Medica Marijuana in Venice Beach, California
I saw this journey of discovery as part of my Americanization, of my deep understanding of the country that I now call home, the country that granted me citizenship and provided me with many things that I remain grateful for. But while on the trip, my friend who uses the alias Jameed, jokingly told me while we were running around LA: “You are not assimilated, you are too busy eating Hummus and pita bread.”
His comments came in response to my failure to engage in conversations about popular culture, or to be more specific about the increasingly popular American reality TV shows.
I had no idea who “Snooki” was. (For those unassimilated like myself, Snooki is a star of an MTV reality TV show called Jersey Shore). I also had no idea that Kim Kardashian had sisters, and even failed to recognize the names of Lady Gaga’s latest songs (Knowing the song Telephone didn’t save me). I also couldn’t recognize many of the names of celebrities that my friends were tossing around when we went to visit their presumed houses in Beverly Hills with the help of the famous “celebrity map”.
My friend’s joke about my lack of assimilation hit me like a brick wall. After years of me trying to make it in this county, by getting a job, buying a house, voting in the primaries and even joining interest groups on Meetup. com, apparently I’m still not there yet. Mind you, my friends who knew all about Snooki include a PHD-holder, a business owner, an electrical engineer, a famous author and a pharmacist. Yes, they are the smartest, highly educated, and obviously completely assimilated.
Twitter headquarters in San Francisco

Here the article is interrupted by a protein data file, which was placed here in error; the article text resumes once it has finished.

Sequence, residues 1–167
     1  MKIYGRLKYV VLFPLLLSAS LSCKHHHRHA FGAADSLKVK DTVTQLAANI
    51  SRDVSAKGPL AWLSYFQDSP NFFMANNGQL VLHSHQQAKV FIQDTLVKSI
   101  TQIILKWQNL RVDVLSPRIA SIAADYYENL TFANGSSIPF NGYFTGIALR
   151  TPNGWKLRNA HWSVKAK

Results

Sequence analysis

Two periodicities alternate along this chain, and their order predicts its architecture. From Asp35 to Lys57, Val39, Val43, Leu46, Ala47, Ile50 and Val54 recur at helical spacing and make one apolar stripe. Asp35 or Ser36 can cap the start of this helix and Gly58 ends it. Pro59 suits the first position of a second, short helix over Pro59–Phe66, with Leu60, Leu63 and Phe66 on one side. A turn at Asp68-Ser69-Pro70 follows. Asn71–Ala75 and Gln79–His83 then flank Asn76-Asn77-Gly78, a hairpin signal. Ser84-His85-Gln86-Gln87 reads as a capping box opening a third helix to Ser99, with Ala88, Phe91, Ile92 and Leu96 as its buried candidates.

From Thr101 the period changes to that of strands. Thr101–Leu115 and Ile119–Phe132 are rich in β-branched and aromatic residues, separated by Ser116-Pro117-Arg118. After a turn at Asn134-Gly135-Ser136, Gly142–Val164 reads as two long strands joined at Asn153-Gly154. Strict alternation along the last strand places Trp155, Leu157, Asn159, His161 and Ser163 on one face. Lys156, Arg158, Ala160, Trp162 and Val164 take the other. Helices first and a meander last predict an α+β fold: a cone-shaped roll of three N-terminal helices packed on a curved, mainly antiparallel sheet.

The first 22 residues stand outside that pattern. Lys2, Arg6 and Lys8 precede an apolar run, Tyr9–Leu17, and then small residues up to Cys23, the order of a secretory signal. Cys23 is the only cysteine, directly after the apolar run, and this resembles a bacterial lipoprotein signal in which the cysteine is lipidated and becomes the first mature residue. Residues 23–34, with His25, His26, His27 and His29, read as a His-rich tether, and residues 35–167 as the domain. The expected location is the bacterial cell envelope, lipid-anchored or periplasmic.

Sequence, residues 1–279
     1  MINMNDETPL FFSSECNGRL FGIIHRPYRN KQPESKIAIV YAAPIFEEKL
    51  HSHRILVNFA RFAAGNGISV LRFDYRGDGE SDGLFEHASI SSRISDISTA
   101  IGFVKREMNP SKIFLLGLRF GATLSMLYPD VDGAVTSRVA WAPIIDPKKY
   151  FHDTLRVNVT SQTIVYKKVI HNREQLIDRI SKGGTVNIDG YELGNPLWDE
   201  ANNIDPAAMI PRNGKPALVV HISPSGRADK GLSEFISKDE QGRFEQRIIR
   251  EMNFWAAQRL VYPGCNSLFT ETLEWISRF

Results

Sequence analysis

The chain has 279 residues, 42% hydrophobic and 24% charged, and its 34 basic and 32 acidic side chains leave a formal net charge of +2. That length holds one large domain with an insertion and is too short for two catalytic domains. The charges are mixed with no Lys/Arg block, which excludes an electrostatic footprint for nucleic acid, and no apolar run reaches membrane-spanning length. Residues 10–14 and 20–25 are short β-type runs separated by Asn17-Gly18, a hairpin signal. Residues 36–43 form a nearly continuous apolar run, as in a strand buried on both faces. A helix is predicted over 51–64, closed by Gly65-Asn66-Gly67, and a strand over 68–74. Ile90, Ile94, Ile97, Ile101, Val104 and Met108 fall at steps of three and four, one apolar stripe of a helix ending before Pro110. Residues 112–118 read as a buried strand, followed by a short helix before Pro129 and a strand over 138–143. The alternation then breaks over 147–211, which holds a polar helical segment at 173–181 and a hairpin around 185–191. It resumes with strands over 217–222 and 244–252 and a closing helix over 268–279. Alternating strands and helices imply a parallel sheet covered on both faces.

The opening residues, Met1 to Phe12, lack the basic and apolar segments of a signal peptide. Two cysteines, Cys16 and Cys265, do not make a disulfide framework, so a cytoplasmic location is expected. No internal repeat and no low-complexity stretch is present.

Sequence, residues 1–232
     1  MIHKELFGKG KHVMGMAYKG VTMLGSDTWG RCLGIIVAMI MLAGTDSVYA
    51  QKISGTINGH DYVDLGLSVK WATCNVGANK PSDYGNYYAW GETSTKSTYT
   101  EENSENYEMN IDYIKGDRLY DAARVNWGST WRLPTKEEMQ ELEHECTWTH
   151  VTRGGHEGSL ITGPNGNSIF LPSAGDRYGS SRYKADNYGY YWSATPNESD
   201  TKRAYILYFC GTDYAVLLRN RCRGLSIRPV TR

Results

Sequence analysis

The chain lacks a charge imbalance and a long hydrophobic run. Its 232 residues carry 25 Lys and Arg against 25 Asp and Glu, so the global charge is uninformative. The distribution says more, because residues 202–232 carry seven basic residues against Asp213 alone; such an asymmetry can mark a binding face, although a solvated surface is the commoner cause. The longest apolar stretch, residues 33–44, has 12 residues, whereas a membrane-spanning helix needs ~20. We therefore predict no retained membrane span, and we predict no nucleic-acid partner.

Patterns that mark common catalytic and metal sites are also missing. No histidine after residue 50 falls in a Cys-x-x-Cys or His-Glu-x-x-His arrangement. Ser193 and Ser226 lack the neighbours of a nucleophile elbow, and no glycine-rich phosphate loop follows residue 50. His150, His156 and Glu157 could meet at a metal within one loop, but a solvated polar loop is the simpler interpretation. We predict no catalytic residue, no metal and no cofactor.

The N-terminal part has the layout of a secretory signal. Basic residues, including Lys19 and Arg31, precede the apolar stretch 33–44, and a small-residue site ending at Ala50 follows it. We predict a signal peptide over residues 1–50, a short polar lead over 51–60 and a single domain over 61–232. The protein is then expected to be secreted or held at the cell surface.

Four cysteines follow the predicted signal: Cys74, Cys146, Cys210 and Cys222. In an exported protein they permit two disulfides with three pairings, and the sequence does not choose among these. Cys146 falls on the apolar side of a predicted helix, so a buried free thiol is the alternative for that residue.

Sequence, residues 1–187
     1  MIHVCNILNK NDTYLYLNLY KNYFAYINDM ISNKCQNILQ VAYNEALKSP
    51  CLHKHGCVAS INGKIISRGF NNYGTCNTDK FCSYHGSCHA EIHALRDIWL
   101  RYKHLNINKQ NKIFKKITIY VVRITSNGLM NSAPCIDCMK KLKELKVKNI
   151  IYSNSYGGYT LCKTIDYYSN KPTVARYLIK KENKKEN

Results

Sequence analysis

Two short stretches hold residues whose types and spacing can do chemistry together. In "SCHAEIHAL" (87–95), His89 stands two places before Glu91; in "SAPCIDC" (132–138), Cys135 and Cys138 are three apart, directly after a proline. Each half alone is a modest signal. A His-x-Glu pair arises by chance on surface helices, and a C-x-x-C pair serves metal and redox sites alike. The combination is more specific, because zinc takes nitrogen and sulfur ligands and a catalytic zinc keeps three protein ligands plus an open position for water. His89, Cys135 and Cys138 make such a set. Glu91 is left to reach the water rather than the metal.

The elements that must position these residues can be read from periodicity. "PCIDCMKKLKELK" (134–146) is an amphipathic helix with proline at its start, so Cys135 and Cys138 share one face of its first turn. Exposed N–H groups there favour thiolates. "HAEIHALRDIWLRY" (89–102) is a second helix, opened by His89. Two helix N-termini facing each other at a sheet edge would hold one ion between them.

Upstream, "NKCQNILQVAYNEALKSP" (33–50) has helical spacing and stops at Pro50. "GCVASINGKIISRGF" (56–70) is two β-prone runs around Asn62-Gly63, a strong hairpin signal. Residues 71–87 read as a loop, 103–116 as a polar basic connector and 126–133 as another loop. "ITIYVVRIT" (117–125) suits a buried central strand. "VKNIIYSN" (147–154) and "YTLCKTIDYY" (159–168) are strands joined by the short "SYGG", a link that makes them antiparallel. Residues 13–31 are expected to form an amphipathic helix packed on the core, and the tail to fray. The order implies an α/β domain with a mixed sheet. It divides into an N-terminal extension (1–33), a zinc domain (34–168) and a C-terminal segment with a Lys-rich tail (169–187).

My friend’s comment about my lack of assimilation brought memories when I ran into Renee Zellweger at a Starbucks in New York a few years ago and instead of jumping up down and saying: “OMG, this is Renee Zellweger!”, I approached her and told her: “You look familiar, are you on TV?” I completely blanked out on her name. I just knew she was on TV. Another incident that comes to mind proving my “lack of assimilation” per say is when two people asked me about my reaction to the marriage break-up of Kate and her husband (sorry can’t remember his name) from Kate and someone Plus Eight TV show and of course, I had no idea what they were talking about.
So here, you have it, I’m not assimilated, but really when do those assimilated people have the time to keep up with the integration process when we are all busy with our daily rat race. How do they do it? Do they live a life similar to mine? Do they come back home at 7:00 PM and cook dinner while listening to NPR?
Do they check their Twitter feed and keep up with their followers while worrying about their Klout Score as much as they worry about their credit score? Do they fall asleep on the sofa while trying to watch the latest episode of Law and Order (here is some assimilation for you).
Maybe, maybe not. I really don’t know. All I know is that I have to do something about it. I have plans: I will do the assimilation my way: I will update my RSS feed to include some entertainment blogs. I will stop listening to the oldies on the radio and switch to DC mainstream music channel, DC 101. I will also Google “Jersey Shore” to see what the fuss is all about.
I have many plans. I need to stop living on the fringe, with my head buried in my daily shenanigans. Apparently traveling thousands of miles to California to consummate my assimilation process is not enough. I definitely need to know who Snooki is.
While many are arguing nowadays whether Wikileaks is a new kind of journalism, and whether journalists should learn from its founder Julian Assange or just stay away from him as much as possible, I want to discuss a new kind of journalism that has knocked my socks off: Social Media journalism.